Nutritionists and consumer groups have reportedly criticized the U.S. Department of Agriculture (USDA) for reducing its per capita sugar consumption estimate from approximately 100 pounds per year to 76.7 pounds per year. According to an October 26, 2012, New York Times article, Center for Science in the Public Interest (CPSI) Executive Director Michael Jacobson “stumbled across” the agency’s latest assessment “while working on a project on sugar consumption.” Lowering the previous benchmark by 20 percent, the revised numbers apparently raised red flags with Jacobson, who suggested that the methodology used by USDA researchers was “built on a foundation of sand.”
“The new estimate is still relying heavily on experts making what seem to me to be largely guesses,” he told Times reporter Stephanie Strom. “Other than the 4 percent they’re getting [from the National Health and Nutrition Examination Survey], what do they really know for certain?”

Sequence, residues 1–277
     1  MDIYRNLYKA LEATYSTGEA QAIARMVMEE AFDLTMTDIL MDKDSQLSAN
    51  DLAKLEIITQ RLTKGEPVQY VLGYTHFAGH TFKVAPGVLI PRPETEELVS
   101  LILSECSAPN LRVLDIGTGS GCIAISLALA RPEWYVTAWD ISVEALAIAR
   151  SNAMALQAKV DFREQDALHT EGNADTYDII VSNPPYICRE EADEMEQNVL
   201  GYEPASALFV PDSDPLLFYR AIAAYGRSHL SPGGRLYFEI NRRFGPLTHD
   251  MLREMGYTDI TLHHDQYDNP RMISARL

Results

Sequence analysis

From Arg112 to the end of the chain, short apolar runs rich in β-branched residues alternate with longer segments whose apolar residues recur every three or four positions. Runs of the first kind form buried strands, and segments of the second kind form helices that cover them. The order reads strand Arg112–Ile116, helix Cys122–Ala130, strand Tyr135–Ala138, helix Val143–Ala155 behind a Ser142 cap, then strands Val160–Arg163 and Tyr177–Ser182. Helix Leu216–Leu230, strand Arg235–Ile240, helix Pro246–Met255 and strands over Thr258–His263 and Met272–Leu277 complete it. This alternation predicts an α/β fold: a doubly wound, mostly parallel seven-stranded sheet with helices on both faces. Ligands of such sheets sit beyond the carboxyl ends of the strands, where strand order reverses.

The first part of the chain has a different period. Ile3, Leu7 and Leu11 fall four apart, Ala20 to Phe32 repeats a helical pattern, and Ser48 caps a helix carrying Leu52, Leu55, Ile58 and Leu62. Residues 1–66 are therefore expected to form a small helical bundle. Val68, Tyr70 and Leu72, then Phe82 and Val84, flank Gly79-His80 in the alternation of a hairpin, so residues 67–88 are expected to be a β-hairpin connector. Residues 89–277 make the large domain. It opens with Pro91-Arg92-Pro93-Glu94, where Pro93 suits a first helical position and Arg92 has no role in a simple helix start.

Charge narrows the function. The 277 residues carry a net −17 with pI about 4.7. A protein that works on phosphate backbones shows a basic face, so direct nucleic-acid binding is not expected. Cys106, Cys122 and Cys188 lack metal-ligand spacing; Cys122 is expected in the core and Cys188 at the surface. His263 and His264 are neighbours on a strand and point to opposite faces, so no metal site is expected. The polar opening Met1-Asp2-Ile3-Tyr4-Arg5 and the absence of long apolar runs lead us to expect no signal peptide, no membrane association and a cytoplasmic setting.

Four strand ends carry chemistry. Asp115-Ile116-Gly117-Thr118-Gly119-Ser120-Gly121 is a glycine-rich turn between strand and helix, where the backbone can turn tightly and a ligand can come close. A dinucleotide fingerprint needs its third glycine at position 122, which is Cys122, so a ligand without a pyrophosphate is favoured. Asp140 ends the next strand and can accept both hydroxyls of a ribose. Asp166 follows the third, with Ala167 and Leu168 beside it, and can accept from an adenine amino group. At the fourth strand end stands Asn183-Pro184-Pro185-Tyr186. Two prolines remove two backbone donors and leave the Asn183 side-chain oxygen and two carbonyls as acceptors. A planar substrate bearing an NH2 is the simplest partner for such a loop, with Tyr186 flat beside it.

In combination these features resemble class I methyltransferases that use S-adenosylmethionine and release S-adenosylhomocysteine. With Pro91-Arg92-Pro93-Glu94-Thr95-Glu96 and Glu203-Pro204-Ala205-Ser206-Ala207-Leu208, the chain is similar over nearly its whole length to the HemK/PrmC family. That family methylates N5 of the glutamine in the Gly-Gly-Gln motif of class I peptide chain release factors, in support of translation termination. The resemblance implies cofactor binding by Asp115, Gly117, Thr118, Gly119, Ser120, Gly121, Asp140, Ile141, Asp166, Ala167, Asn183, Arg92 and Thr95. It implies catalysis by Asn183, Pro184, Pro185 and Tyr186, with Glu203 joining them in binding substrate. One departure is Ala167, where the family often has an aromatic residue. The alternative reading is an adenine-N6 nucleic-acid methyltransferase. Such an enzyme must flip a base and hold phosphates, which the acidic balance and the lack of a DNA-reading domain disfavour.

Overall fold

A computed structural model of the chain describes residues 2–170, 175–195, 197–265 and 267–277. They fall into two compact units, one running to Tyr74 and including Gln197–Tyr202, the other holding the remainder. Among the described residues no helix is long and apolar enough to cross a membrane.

In particular, Strom questioned the sugar sector’s hold on USDA policy, citing emails obtained by CSPI through a Freedom of Information request in which industry representatives allegedly “discussed the benefits of the lower estimate and how they might persuade the USDA to make a change that would reduce it even more.” But the scientists responsible for the data have since countered that the numbers reflect an agency-wide effort to better account for “consumer-level food-loss estimates,” which aim to capture “how much of various sweetener-laden foods that consumers buy is actually eaten, versus how much is thrown away.”
Meanwhile, New York University Nutrition Professor Marion Nestle has faulted USDA for failing to adequately track sugar consumption trends over time. “Food availability figures also indicate declines, but suggest that Americans have access to about 65 pounds a year each of table sugar and corn syrup for more than 130 pounds per year total,” writes Nestle on her Food Politics blog, pointing to recent reports issued by USDA’s Economic Research Service. “None of these figures is precise. But if the methods for calculation are the same every year, trends should be discernible. Adjusting for waste introduces new sources of error and makes trends impossible to determine.” See Food Politics, October 30, 2012.